At a Law Society of Scotland fringe event on Brexit at the recent Scottish Green Party conference, political commentator Dominic Hinde asserted that Scotland does not have “the capacity” to manage EU negotiations. An audience member took exception to that, pointing out that many people in Scotland work with the EU.
Hinde clarified: “There are extremely competent people from Scotland working both within Scotland and right across Europe...my issue is with the government, and essentially by that I mean with the SNP, and the way it has chosen to pursue its European policy, and the way that its attitude, not just with the European policy, but also when it comes to economic policy and even environmental policy, has a tokenistic, at best, attitude towards academia sometimes, and the use of expertise, which is often used in a very public-facing manner.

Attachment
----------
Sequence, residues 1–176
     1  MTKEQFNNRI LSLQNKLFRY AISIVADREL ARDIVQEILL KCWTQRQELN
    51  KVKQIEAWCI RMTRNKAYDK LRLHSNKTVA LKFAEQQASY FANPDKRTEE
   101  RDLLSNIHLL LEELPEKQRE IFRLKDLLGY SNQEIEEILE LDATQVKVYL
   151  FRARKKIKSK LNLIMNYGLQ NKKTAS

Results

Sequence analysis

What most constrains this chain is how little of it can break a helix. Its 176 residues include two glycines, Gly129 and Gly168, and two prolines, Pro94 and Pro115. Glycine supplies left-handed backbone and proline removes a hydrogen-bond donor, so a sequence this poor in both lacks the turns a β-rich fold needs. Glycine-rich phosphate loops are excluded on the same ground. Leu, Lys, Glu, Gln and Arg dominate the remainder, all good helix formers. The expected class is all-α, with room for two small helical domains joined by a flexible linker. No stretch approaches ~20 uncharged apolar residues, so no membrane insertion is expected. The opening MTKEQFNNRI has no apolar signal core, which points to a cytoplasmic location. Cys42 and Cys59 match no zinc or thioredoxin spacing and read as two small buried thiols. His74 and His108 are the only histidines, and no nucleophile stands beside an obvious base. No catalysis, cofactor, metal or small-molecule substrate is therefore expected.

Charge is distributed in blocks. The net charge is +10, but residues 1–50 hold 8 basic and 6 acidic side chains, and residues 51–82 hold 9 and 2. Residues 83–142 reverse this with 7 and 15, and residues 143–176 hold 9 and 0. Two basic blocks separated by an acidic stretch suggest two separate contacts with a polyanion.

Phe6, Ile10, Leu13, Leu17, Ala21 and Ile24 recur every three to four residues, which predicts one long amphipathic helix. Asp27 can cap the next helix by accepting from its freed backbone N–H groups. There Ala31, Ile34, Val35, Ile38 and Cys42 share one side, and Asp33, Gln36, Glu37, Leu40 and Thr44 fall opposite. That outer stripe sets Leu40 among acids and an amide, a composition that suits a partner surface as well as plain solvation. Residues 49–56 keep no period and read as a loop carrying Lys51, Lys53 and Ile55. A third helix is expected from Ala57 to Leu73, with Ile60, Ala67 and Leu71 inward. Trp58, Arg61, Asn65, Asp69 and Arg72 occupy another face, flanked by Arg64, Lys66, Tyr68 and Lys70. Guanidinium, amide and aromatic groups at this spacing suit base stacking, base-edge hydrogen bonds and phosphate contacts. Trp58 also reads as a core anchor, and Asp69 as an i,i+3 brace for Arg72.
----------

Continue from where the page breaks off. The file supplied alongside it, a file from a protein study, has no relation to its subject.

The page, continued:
“But when you look at the deeper issues and you realise that Scotland will very quickly have to develop teams of people working semi-autonomously under ministerial direction to go across Europe and have some kind of embryonic diplomatic service, with all the linguistic and legal skills which that entails, that is going to be very, very tough and also an expensive process…That does not exist at the moment.”
And, while not directly connected, the news last week that the Scottish Government will be unable to fulfil the planned transfer of social security powers to Holyrood in April 2017 and instead has asked the UK Government to handle them on its behalf for a further three years, is quite significant in this regard.
As it asks for further powers over international relationships, does the Scottish Government have the competence to manage them wisely if it gets them?